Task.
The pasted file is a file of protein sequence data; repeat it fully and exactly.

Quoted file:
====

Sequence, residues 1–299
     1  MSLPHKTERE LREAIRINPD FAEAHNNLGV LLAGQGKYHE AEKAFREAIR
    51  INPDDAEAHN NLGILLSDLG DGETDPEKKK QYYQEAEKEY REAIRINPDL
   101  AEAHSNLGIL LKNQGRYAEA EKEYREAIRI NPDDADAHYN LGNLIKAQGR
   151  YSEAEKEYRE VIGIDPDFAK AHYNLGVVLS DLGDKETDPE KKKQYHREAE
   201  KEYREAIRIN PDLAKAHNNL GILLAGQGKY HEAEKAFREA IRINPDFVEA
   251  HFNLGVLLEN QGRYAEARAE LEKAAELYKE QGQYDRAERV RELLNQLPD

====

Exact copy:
Sequence, residues 1–299
     1  MSLPHKTERE LREAIRINPD FAEAHNNLGV LLAGQGKYHE AEKAFREAIR
    51  INPDDAEAHN NLGILLSDLG DGETDPEKKK QYYQEAEKEY REAIRINPDL
   101  AEAHSNLGIL LKNQGRYAEA EKEYREAIRI NPDDADAHYN LGNLIKAQGR
   151  YSEAEKEYRE VIGIDPDFAK AHYNLGVVLS DLGDKETDPE KKKQYHREAE
   201  KEYREAIRIN PDLAKAHNNL GILLAGQGKY HEAEKAFREA IRINPDFVEA
   251  HFNLGVLLEN QGRYAEARAE LEKAAELYKE QGQYDRAERV RELLNQLPD